WE LOVE STORIES; AND THEY WORK

#stories
OK, what’s your story?
Is it good?
Are there plenty of bootstraps, hard labor, starting with nothing, build from the ground up in it?
Kate O’Neill, founder and principal of KO Insights, recently had a client for whom she helped compile her stories. The client was a CEO of an up-and-coming company, and O’Neill was helping her feel more comfortable talking to the press.
In business, stories sell. If your business is good, your stories – about your products or services, about your company and about yourself – will also be good. They need to be well told.
O’Neill wrote about her client in an Aug. 31, 2014, column in the Tennessean newspaper in Nashville.
Meaningful stories provide a colorful antidote to the mundane questions like, “what do you do,” O’Neill writes.
Business networking experts also try to coach clients to tell stories, even if they only have a few seconds to talk to someone in an elevator. One can answer the “what do you do” question with something other than “I’m in marketing.” The answer can be a colorful story about, say, how you helped solve a client’s problem. The person posing the question may or may not be looking for a clever answer, but a colorful story will likely be remembered for a long time.
O’Neill says the best stories are often those about employees who exemplify the company’s brand and culture, or about customers who have become raving fans of your product.
For those of us who may not be in business, crafting a good story from our job, or our life, makes interesting and often impressive party talk. We never know whom we meet, and we need to presume that every person who asks about us is a potential client or employer.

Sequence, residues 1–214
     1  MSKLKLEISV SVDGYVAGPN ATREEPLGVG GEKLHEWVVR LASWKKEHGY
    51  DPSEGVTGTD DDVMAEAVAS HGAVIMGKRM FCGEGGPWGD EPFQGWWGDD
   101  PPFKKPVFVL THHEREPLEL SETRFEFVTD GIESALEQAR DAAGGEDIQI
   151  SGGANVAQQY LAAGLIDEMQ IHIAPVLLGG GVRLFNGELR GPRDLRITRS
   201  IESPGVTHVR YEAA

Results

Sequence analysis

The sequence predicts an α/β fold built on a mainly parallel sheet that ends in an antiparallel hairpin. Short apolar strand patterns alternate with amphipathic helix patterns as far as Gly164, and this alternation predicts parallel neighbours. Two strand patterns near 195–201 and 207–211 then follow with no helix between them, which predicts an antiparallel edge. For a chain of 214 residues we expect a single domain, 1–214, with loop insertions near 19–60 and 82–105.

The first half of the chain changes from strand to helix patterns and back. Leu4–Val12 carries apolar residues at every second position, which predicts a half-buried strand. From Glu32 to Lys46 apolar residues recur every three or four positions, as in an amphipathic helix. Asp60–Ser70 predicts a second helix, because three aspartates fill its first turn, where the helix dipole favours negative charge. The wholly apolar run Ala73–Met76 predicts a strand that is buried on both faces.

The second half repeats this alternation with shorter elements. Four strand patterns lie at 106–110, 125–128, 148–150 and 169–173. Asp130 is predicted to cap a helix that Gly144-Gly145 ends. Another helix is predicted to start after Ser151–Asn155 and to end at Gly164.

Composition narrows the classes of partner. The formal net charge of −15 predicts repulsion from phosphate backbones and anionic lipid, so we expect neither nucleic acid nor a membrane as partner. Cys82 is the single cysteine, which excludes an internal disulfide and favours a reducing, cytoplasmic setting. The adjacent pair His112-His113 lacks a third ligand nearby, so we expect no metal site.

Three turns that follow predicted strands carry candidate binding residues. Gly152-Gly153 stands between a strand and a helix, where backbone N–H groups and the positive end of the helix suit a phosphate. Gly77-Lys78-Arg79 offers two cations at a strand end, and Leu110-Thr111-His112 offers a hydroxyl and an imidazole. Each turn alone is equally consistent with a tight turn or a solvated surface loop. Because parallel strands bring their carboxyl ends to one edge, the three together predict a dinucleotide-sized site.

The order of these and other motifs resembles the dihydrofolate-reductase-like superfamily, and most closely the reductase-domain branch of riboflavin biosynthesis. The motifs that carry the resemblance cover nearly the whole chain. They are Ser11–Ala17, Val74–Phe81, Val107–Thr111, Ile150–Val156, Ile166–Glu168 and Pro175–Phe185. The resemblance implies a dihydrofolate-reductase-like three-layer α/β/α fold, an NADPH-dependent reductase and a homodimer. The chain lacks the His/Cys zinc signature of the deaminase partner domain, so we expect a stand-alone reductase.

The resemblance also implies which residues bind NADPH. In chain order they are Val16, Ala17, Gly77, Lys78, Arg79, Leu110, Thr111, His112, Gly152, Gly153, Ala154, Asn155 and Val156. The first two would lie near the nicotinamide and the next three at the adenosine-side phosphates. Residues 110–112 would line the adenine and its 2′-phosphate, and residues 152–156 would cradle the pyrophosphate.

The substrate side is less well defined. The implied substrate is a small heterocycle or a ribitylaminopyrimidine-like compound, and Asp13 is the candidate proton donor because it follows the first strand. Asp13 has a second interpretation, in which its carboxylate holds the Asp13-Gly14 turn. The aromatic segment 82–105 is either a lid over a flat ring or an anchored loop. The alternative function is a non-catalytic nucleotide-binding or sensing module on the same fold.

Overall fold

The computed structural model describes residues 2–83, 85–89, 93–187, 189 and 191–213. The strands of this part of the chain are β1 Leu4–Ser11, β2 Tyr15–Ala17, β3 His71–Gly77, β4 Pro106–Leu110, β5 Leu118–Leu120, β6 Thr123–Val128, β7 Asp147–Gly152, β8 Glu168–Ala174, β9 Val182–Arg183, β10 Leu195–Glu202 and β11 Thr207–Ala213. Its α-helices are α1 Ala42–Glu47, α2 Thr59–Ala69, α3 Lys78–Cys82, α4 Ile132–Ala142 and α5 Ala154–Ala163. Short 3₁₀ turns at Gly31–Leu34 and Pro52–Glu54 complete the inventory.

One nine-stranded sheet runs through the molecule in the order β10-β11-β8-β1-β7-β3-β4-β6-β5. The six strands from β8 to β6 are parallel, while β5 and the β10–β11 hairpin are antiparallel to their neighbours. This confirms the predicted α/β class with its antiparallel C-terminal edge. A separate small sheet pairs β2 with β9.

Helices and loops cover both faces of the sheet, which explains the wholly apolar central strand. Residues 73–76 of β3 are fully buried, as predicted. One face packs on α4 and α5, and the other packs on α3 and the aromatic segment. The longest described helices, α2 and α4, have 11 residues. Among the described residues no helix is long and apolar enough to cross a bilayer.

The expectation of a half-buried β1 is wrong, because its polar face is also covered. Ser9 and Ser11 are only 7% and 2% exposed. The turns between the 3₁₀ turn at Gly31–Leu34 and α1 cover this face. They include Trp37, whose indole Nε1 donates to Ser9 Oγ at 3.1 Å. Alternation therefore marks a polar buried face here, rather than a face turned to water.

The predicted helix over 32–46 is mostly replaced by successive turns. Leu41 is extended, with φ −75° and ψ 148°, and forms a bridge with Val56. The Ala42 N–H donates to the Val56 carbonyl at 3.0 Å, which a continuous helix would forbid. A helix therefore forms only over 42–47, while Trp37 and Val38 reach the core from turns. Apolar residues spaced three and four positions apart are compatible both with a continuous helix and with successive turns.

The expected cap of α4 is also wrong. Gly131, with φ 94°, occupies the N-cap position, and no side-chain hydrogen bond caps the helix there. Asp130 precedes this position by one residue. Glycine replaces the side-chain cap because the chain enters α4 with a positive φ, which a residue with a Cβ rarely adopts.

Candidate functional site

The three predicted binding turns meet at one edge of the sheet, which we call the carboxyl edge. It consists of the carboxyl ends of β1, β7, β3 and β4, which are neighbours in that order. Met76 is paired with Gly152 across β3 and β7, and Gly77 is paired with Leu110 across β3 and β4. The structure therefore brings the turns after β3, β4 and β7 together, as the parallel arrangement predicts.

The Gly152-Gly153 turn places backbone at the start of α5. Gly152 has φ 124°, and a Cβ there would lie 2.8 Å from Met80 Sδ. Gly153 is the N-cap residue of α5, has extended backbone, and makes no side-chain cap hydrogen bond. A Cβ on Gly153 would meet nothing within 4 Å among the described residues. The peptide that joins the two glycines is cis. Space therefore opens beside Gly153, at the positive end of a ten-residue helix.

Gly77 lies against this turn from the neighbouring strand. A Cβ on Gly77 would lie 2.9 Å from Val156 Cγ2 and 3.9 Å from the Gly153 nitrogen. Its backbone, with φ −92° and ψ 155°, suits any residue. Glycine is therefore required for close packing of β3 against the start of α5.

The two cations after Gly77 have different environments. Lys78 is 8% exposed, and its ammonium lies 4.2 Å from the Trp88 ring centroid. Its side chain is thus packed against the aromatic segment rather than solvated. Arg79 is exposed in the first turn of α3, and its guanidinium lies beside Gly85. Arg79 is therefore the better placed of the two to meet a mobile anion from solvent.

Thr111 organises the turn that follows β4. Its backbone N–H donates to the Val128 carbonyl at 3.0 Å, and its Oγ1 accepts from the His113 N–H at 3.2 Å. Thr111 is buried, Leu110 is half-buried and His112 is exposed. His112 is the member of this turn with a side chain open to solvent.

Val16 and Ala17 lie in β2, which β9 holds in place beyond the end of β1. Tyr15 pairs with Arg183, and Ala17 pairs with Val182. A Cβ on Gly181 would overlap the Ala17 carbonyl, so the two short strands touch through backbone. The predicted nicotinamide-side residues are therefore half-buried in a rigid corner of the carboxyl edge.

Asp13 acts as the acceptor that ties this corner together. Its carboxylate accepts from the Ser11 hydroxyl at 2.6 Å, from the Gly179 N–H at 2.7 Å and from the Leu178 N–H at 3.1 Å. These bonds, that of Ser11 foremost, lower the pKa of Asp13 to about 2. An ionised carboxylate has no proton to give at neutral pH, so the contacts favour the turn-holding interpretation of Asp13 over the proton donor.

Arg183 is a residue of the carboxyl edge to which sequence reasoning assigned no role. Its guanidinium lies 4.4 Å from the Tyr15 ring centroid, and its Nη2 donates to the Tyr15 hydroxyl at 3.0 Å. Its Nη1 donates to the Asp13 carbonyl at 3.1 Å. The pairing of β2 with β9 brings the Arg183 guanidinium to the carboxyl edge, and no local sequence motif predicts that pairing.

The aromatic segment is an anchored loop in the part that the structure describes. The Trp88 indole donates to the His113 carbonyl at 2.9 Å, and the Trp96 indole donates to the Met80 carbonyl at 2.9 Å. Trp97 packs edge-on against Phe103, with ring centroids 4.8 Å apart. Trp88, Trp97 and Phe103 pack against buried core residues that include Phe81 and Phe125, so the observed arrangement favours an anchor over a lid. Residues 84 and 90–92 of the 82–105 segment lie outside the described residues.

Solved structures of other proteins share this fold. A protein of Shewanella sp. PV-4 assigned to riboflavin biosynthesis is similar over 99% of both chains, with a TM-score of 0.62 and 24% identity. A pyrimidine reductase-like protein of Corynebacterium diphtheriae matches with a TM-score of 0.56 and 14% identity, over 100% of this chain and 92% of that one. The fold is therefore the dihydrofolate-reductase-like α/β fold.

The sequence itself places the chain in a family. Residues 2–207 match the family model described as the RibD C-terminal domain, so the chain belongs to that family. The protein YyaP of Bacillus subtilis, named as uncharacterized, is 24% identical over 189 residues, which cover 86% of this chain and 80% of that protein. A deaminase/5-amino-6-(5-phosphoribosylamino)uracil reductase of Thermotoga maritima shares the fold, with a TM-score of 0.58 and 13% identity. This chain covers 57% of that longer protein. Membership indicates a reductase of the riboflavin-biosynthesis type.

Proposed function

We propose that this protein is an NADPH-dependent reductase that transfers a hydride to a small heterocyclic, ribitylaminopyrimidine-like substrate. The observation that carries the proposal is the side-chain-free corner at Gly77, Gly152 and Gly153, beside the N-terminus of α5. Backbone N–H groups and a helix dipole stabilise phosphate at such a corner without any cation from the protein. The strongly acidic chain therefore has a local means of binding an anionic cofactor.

Experts on crafting resumes often advise clients that job titles are often meaningless. It’s better to spell out what you did for your employers, i.e. how much money you saved them, or earned for them, whether something you did helped the company make needed changes etc.
As children, or even as adults, we heard some marvelous stories – particularly around campfires. Many were fiction. But, we were excited to hear them, and our elders were excited to retell them, over and over. We remember them well into adulthood, notwithstanding the old saw about how a story changes with each telling.
Crafting your own stories can take work. You may even need help, which is what some of us do for a living. But you need to tell your stories right and well, so you don’t feel uncomfortable telling them to the world.
Some of you may be modest. Some of you don’t believe you have a story. Everyone has a story. Many have multiple stories. Tell them with confidence.
Looking for something to come into your life that will create a great story for you? Visit www.bign.com/pbilodeau. Listen and watch some great success stories from average people who have completely changed their lives. You may want to do the same.
So work on your story. Get help if you need it. Learn to create conversations about your products, services, skills and yourself. You just may run into the one person who will be so impressed with your story that he or she completely changes your life.
Peter

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